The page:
What Is Accessibility?

In the last decade, the role of the Internet as a source of information, communication and social interaction has increased to a point where it is now a fundamental lifestyle tool. The issue of accessibility for disabled users soon became apparent. While technology existed to allow navigation of a computer, the structure of web pages can conflict with these technologies and the way they present web content. Coyne and Nielsen (2001 cited in Slatin and Rush, 2003, p.8) found “users with disabilities were about three times less likely to succeed...in carrying out such routine Web tasks as searching for information and making purchases.” Recently, designs have become more visually elaborate and new functions such as streaming video and flash animation can cause further issues for disabled users.

In order to resolve them, United States Congress amended Section 508 of the Rehabilitation Act of 1973 in 1998 to ensure that:

“...individuals with disabilities who are members of the public seeking information or services from a Federal department or agency to have access to and use of information and data that is comparable to...the public who are not individuals with disabilities.” (United States Congress, 1998)

In 1999, the World Wide Web Consortium (W3C) drafted the Web Content Accessibility Guidelines 1.0, known as 'WCAG 1.0'. This explains how to make web content including text, images and video as accessible as possible. It was amended in December 2008 and is now known as 'WCAG 2.0'. This is the most current set of guidelines available to which designers and developers must adhere.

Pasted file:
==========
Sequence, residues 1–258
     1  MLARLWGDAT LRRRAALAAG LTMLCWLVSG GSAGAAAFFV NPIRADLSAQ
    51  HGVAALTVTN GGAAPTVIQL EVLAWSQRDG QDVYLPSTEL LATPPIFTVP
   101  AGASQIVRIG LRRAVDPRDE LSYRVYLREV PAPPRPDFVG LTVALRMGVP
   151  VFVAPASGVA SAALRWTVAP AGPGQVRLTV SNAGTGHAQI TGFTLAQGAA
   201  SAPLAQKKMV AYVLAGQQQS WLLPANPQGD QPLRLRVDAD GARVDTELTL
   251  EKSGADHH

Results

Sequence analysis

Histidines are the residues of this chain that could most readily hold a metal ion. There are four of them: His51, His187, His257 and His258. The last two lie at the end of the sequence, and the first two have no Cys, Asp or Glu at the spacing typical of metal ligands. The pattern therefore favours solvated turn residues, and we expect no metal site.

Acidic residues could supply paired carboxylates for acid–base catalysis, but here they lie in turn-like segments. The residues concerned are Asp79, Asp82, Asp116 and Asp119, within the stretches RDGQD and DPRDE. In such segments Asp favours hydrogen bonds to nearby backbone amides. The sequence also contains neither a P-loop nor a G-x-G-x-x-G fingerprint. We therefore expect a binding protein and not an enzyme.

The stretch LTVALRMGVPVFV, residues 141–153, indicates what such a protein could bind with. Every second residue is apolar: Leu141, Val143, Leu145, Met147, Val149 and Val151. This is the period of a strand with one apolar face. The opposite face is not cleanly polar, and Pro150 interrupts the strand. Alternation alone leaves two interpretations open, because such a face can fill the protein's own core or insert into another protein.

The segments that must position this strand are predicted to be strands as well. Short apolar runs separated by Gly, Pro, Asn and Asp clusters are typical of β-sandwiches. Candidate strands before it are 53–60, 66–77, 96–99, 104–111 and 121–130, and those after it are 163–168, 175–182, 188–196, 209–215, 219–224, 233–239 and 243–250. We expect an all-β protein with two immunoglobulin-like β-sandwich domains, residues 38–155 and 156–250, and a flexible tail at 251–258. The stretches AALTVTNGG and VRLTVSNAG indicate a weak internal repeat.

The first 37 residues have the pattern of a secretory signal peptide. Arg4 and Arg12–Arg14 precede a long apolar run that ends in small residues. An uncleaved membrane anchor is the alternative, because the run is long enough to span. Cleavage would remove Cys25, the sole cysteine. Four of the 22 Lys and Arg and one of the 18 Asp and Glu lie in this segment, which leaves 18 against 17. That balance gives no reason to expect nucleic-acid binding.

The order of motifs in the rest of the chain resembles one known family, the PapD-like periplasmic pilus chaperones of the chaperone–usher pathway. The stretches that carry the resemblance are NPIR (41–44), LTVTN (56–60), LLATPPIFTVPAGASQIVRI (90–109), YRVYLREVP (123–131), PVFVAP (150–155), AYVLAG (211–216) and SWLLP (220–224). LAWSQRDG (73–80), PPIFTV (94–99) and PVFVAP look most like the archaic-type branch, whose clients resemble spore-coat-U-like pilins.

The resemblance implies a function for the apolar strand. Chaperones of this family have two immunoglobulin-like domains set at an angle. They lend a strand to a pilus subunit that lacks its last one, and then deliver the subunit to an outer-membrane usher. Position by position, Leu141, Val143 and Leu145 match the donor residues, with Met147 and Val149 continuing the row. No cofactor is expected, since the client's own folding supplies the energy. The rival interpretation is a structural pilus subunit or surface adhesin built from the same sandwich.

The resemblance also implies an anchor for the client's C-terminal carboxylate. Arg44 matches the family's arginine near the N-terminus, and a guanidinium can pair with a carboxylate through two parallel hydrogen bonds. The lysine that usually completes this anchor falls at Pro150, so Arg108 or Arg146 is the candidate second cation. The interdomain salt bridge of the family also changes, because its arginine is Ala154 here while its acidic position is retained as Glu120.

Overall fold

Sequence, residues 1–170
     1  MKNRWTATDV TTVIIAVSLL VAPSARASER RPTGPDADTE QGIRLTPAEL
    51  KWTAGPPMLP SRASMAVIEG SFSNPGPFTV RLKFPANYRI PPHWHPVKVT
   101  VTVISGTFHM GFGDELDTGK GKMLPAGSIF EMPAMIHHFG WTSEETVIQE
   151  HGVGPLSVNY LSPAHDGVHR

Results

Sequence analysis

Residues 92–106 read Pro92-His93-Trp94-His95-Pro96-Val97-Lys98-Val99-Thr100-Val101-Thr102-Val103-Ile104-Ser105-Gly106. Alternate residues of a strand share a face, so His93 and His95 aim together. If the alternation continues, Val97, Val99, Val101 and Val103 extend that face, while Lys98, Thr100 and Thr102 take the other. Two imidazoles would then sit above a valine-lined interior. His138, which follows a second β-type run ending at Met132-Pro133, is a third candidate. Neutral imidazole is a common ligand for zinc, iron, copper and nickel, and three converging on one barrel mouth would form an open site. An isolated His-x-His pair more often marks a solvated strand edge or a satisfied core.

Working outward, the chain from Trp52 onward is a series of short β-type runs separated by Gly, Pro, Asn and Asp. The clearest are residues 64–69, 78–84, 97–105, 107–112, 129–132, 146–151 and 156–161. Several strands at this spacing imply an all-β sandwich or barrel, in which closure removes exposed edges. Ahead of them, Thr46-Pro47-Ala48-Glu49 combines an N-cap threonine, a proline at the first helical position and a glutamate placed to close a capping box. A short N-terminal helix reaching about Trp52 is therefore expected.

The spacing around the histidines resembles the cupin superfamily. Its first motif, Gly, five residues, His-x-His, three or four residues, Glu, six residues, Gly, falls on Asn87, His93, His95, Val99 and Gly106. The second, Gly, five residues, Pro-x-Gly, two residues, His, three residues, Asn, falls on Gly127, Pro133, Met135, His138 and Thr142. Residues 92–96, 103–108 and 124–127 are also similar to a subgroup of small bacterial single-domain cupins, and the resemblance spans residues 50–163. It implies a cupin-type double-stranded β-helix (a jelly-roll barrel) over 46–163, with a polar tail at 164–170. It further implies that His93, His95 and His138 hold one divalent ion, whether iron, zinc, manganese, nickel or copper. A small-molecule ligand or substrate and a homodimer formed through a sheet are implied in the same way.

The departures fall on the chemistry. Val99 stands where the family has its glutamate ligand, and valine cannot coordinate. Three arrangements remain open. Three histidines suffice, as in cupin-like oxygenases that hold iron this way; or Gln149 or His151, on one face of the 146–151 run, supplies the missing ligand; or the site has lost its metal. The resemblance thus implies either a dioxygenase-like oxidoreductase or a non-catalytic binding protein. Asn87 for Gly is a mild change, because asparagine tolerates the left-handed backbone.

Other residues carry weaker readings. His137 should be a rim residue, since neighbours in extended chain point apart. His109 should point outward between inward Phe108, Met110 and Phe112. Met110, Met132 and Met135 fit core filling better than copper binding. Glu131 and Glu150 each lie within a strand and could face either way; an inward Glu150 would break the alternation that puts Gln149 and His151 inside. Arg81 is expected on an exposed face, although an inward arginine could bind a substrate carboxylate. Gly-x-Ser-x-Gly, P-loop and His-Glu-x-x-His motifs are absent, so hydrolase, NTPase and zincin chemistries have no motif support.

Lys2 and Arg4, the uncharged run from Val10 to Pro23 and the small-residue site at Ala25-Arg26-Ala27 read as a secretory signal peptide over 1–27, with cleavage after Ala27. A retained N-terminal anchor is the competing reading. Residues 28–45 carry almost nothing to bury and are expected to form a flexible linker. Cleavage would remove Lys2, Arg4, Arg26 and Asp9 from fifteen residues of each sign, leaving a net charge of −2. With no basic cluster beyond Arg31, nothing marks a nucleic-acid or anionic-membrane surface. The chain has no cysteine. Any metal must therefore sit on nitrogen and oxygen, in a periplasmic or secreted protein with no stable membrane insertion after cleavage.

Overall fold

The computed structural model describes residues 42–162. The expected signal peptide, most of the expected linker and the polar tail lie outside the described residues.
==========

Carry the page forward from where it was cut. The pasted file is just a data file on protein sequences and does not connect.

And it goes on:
WCAG 2.0 seeks to ensure websites are made accessible to users with disabilities such as decreased sensory, motor and cognitive ability. Additionally, Slatin and Rush (2003, p.10) state “good design is accessible design” suggesting that following the guidelines creates an accessible website to benefit any user, disabled or not.

For businesses, improving accessibility is beneficial. After re-launching an improved website in 2006, Legalandgeneral.com saw “...a 66% saving in maintenance costs, a 30% increase in natural search engine traffic, a 75% reduction in time to load a page and an additional 13,000 visitors each month...” (AbilityNet, 2006). The financial incentive of accessibility shouldn't be the sole reason for it's implementation. Designer and client have a moral and legal obligation to design to accessibility standards. Discrimination is never a good selling point.

Fig.1 - Screenshot from Legalandgeneral.com (2009)

Fig.1 - Screenshot from Legalandgeneral.com (2009)

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